The Socialist party has called on the executive committee of Spain’s Senate to investigate whether or not the Fundación Nacional Francisco Franco, set up shortly after the 1975 death of Spanish dictator Francisco Franco to commemorate his life and memory, is violating Spain’s 2007 Historical Memory law by glorifying the former dictator, as well as heroes and events of the Spanish Civil War and the 36-year Franco regime that followed.
The request, filed Tuesday just weeks after the Partido Popular government of President Mariano Rajoy used its line-item veto power to quash consideration of a ambitious PSOE proposal to reinforce and extend the 2007 law, also calls on the Senate committee to investigate whether or not the Franco foundation is in compliance with Spanish legal requirements that require non-profit associations to demonstrate the social benefit of their activities to justify their tax-exempt status.
“A foundation that exalts and glorifies the dictatorship and defends the violation of human rights that was carried out by Franco’s dictatorship cannot be legal”, the PSOE said in its filing with the Senate.
The foundation made news headlines in Spain on Monday over a post to its Twitter account on 1st April, the anniversary of the 1939 triumph of Franco’s forces over the democratically elected Republican government, praising that victory as “just” and “well-deserved”. The Franco foundation has also recently been involved in blocking public access to the former dictator’s Pazo de Merais country estate in Galicia, as well as efforts to honor family requests for the exhumation of the remains of Republican soldiers buried alongside Franco at the Valley of the Fallen mausoleum site outside Madrid.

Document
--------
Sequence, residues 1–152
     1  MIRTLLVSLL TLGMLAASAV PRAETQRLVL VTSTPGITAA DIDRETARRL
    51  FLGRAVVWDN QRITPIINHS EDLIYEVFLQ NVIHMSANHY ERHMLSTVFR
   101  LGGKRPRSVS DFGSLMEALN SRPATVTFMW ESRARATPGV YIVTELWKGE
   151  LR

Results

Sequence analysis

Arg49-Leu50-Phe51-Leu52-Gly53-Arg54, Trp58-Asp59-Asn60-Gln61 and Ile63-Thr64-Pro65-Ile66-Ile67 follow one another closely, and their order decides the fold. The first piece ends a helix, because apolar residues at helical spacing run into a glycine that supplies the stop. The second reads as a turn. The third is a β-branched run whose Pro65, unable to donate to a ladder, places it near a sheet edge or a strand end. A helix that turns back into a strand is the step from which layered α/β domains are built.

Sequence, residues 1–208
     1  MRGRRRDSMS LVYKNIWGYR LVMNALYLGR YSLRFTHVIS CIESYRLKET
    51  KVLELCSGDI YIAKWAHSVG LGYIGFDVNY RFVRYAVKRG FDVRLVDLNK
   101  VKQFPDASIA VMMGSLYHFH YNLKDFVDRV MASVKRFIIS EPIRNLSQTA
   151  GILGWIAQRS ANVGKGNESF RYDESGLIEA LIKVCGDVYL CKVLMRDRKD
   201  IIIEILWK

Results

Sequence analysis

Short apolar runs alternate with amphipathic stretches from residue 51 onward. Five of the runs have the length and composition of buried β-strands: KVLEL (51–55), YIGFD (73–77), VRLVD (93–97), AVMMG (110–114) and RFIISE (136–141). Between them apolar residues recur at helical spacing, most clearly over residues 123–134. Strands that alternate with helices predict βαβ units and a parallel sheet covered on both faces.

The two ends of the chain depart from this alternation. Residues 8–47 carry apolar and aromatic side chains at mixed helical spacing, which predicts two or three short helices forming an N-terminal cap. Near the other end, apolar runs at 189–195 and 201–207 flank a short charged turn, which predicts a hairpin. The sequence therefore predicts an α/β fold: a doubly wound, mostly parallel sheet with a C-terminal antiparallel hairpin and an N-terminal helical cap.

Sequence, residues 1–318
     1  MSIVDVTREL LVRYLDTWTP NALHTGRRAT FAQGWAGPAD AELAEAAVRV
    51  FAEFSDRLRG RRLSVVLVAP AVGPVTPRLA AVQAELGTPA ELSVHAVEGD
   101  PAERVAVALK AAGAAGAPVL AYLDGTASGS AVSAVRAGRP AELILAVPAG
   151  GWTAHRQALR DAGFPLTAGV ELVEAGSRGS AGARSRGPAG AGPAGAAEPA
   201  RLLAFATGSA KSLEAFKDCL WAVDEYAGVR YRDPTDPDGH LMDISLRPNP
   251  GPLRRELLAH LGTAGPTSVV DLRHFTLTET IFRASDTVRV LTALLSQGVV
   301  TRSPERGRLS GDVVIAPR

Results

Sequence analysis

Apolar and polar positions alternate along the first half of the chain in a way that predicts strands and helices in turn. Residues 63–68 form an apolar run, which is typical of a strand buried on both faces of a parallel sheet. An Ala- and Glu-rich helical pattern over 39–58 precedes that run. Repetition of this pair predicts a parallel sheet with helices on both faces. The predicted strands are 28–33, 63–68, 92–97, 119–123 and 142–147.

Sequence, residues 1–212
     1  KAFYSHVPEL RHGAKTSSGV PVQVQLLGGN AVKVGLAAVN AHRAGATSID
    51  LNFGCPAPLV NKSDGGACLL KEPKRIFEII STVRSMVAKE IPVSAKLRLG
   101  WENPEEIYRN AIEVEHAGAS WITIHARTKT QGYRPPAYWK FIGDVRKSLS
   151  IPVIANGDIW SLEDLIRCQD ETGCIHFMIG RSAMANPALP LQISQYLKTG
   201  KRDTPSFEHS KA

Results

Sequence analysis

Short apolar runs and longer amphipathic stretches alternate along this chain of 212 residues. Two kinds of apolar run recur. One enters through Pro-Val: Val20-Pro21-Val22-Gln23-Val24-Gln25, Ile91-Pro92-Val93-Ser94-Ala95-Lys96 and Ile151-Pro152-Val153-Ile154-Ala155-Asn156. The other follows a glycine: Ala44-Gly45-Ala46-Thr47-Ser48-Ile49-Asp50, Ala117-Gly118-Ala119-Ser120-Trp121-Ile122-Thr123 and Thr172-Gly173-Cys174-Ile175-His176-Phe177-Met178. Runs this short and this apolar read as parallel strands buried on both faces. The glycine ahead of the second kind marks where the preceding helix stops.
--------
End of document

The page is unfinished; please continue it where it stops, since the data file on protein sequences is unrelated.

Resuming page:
► Read PDF in Spanish of PSOE proposal to illegalize Franco Foundation …
In its request to the Senate committee, the Socialists also called for a report by the Senate’s legal office as to whether or not the foundation has violated the 2007 Law of Historical Memory through its offer of legal services and advice to municipal governments across Spain seeking to obviate the law’s requirement that local governments remove “coats of arms, insignias, plaques and other commemorative objects or mentions of personal or collective glorification of the military uprising, the Civil War and the repression of the Dictatorship”.
The PSOE claims the foundation is clearly helping municipalities and individuals to break the law and to “make an apology for the Franco regime and its flagrant violations of human rights”.
Check out more news from Spain about:
► Animal Welfare ► Corruption/Transparency ► Discrimination ► Education ► Environment & Sustainability ► Fair Trade & Development Aid ► Healthcare ► Historical Memory ► Housing & Homelessness ► Human Rights ► Labour & Unemployment ► LGBT ► Peace & War ► Politics ► Poverty ► Refugees & Migration ► Technology & Social Enterprise ► Women’s Rights